According to lead author Matthew Grizzard, an assistant professor in UB’s Department of Communication and an expert on the cognitive, emotional, and psychobiological effects of media entertainment, it’s because behavior isn’t the end-all standard after which we gauge a villain or a hero.

Exactly how to make an audience like or dislike a hero has been a burning question on the minds of media researchers even since the 70s. They’ve had a lot of time to look into the issue since then and one thing seems to stand the test of time — morality matters with the public. People simply love the good guys and dislike the bad guys. But Grizzard’s study suggests it’s not necessarily behavior that we use when making a distinction between the hero and the villain.

Whiter than thou

The team, which included co-authors Jialing Huang, Kaitlin Fitzgerald, Changhyun Ahn and Haoran Chu, all UB graduate students, wanted to find out if slight outward differences — for example wearing darker or lighter clothes — would be enough to make people consider a character as being a hero or villain. So, they digitally altered photographs of characters to see if they could influence the audience’s perception of them.

They also drew on previous research which found that while villains and heroes differ in morality, the two don’t differ in competence. In other words, villains aren’t simply immoral, but they’re “good at being bad”, according to Grizzard. This offered the team an opportunity to determine if their alterations activated participants’ perception of a hero or villain or if any shift in perception was caused by unrelated biases.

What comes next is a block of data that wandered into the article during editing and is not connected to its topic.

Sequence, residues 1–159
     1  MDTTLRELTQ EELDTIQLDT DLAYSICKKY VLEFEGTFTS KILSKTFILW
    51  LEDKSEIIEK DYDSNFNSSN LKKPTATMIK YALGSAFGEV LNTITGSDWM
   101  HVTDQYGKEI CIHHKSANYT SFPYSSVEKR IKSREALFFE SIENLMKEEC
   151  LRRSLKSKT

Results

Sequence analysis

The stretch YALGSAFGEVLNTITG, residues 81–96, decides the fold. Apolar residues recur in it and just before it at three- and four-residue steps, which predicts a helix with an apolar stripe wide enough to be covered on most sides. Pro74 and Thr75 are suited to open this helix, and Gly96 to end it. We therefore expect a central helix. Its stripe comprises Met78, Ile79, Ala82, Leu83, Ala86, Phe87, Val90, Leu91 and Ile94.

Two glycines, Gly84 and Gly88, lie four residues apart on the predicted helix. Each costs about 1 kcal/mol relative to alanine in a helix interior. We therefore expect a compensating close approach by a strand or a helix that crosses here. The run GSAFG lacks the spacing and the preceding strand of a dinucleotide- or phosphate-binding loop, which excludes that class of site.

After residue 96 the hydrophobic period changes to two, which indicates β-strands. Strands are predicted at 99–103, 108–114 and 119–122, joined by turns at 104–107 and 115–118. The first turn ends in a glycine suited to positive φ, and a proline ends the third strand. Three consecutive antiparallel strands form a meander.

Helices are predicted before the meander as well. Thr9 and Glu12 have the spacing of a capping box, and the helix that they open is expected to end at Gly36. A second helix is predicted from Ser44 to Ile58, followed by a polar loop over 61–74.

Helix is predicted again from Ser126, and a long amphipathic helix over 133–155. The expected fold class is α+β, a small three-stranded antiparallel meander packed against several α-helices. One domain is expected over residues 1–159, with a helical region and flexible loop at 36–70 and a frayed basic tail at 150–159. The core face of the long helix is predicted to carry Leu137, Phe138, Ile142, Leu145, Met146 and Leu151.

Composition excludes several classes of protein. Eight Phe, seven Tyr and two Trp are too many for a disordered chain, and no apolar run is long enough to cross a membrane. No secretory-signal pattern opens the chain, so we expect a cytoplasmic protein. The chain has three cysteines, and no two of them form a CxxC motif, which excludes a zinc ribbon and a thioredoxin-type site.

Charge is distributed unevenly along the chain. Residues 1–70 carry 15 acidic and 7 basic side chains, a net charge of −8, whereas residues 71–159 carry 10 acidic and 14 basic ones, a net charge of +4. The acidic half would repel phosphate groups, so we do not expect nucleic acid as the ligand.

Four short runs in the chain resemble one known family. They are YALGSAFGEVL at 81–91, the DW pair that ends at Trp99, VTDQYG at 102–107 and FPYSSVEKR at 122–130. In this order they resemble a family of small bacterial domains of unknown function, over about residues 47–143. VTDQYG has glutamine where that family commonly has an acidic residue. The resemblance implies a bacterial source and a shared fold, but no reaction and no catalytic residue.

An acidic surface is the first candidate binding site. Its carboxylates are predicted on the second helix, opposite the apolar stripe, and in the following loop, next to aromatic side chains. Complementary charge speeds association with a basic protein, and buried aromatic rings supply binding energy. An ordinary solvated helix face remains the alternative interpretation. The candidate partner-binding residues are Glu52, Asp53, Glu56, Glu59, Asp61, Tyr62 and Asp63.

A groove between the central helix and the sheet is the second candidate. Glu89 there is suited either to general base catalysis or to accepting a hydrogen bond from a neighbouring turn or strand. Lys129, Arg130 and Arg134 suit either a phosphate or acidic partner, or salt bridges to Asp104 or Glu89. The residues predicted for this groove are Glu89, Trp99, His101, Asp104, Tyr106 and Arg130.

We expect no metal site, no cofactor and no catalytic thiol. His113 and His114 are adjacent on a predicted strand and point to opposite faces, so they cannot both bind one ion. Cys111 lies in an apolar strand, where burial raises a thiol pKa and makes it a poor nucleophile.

“If our data had come out where the heroic-looking character was both more moral and more competent than the villain, then we probably just created a bias,” says Grizzard.

“But because the hero was more moral than the villain but equally competent, we’re more confident that visuals can activate perceptions of heroic and villainous characters,”

The study found that while appearance does, to a certain degree, help skew perception of a character as either a hero or villain, it showed that characters were judged chiefly by how they compare to the others, and the order they’re introduced to the audience. For example, a hero was usually judged as being more moral and heroic if he or she appeared after the villain, and villains were usually considered to be more villainous if they were introduced after a hero. This suggests that people don’t make isolated judgments on the qualities of a character using a strict moral standard, but rather by making comparisons between them and those they oppose.

In Walter’s case, people see the character’s ethics taking a constant turn for the worse and still stick by his side. The trick is that Walter doesn’t evolve by himself — there are all those other characters going about, usually turning worse by the episode, and Walter comes on top when compared to them. He seems better when compared to the really low standard the others in the show set, making him feel like the good guy.

Well, if nothing else, the villains at least have an easier time catching up to Mr. Good Guy, Gizzard says.

“We find that characters who are perceived as villains get a bigger boost from the good actions or apparent altruism than heroes, like the Severus Snape character from the Harry Potter books and films.”

The findings could help improve the effectiveness of character-based public service campaigns, or for programs trying to promote a certain behavior. By helping authors understand how we perceive their characters, the research could also help them write better stories.

And on a more personal note, it can help each and every one of us form a clearer image of the characters we love — with all their flaws and strengths.

The full paper “Sensing Heroes and Villains: Character-Schema and the Disposition Formation Process” has been published in the journal
Communication Research.